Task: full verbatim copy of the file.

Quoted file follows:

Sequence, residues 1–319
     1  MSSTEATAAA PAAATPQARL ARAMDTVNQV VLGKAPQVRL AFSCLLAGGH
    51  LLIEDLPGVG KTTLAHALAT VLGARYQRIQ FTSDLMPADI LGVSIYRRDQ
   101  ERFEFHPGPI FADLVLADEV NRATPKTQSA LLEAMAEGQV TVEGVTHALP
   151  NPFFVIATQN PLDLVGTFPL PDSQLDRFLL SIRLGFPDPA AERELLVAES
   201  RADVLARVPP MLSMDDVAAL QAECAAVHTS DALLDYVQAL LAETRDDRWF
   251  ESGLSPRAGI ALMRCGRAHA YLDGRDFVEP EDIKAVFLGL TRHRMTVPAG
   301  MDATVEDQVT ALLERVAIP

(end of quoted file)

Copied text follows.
Sequence, residues 1–319
     1  MSSTEATAAA PAAATPQARL ARAMDTVNQV VLGKAPQVRL AFSCLLAGGH
    51  LLIEDLPGVG KTTLAHALAT VLGARYQRIQ FTSDLMPADI LGVSIYRRDQ
   101  ERFEFHPGPI FADLVLADEV NRATPKTQSA LLEAMAEGQV TVEGVTHALP
   151  NPFFVIATQN PLDLVGTFPL PDSQLDRFLL SIRLGFPDPA AERELLVAES
   201  RADVLARVPP MLSMDDVAAL QAECAAVHTS DALLDYVQAL LAETRDDRWF
   251  ESGLSPRAGI ALMRCGRAHA YLDGRDFVEP EDIKAVFLGL TRHRMTVPAG
   301  MDATVEDQVT ALLERVAIP